The official immunization rate for Jefferson County residents stands at 58 percent, which does not include children younger than 12 who are not eligible yet to receive coronavirus vaccinations. The vaccination rate also does not account for people who developed a natural immunity due to previous coronavirus infections.

Coronavirus immunizations are available by appointment at pharmacies, medical offices and at the county health department.

About four or five of the new infections in Jefferson County involve people who have been fully vaccinated, Reidy estimated. Over the past few months, he’s learned of one person in Jefferson County who had been immunized who was hospitalized with a subsequent COVID infection.

“It was just for a day,” he said. “They did quite well.”

“It does look like the vaccine is protecting against the worst clinical courses,” he said. “There was always a question of how long will that [vaccine] protection last. And all of our information about that now is kind of out the window because we’ve got a different variant.”

Identifying virus strains that appear to spread more readily or cause more severe disease or medical complications are tracked the closest, Reidy said. “So they have variants, and then they have variants of concern,” he said.

Viruses form new variants that change and adapt slightly and gradually over time as they pass from host to host, or from human to human in the case of the coronavirus, Reidy said.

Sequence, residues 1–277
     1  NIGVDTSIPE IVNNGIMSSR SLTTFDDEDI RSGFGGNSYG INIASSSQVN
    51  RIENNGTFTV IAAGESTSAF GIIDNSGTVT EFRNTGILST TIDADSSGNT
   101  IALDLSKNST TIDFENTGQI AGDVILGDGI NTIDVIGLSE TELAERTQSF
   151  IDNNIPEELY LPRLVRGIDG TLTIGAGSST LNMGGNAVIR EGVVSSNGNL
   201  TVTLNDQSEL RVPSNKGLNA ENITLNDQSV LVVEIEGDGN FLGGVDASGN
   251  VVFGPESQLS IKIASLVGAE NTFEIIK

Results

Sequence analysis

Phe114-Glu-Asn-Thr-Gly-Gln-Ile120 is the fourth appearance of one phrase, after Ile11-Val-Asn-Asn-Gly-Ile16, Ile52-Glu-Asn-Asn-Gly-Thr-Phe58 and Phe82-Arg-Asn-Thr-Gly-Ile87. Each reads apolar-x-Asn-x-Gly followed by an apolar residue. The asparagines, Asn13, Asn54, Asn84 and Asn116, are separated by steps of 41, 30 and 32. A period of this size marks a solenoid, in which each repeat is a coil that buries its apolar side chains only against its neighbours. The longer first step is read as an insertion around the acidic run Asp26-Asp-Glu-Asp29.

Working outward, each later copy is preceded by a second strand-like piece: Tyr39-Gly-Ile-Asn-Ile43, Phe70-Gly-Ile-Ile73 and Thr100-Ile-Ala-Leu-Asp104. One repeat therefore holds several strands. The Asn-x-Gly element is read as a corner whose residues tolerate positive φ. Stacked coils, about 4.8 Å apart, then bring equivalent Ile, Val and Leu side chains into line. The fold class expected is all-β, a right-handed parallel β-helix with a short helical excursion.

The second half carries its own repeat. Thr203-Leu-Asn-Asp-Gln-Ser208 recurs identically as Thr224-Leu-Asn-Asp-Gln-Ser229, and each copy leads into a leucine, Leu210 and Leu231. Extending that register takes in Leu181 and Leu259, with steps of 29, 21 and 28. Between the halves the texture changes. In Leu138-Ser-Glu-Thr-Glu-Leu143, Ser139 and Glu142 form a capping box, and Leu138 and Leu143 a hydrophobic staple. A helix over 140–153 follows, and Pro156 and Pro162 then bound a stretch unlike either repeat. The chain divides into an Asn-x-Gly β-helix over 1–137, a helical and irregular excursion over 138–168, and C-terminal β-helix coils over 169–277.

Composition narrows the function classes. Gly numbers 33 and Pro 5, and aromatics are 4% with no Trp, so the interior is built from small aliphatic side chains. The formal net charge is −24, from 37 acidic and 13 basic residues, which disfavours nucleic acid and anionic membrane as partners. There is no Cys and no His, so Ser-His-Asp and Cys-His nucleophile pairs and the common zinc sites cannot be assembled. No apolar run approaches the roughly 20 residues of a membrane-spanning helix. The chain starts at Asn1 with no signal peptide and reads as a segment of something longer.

“They can look at that by the difference in the DNA,” he explained. “So if you look at the DNA like the letters of a paragraph, you could change the meaning of the paragraph by changing one or two letters. ‘Is” or isn’t’ makes a big difference.”

Reidy said he hasn’t tracked a new Lambda variant, which wreaked havoc in Peru last year.

“There are all sorts of different ones, and until they start affecting our population, I don’t worry too much about them because they may or may not,” he said.

Last fall and winter would suggest that a surge in cases should re-emerge this fall and winter, Reidy said. However, the vaccinations people received and the immunizations others acquired through infections over the past year should protect more people through the colder months.

Reidy said the public will be widely notified when and if health officials recommend receiving a COVID booster shot. He said that such a public vaccination effort should unfold smoothly over time because people won’t need the booster shots all at once.

The first Jefferson County coronavirus vaccinations were administered in December. So anticipate an authorization for third doses to occur in the weeks approaching December, Reidy said.

But Reidy said a global perspective needs to be considered to protect Jefferson County residents over the long term. “We need for people who haven’t gotten their first doses to get it,” he said, “and then, worldwide, we need to get people vaccinated so that we don’t keep getting more and more harmful variants popping up.”

Meanwhile, the federal government has not yet formally approved third booster vaccine shots as safe, Reidy said. “We don’t know how much giving the average person a third dose improves their immune system,” he said. “That you’re going to decrease the number of deaths by giving a third dose—that’s the big thing. We don’t know.”

Time and more research should soon answer such uncertainties, as Reidy has said throughout the pandemic.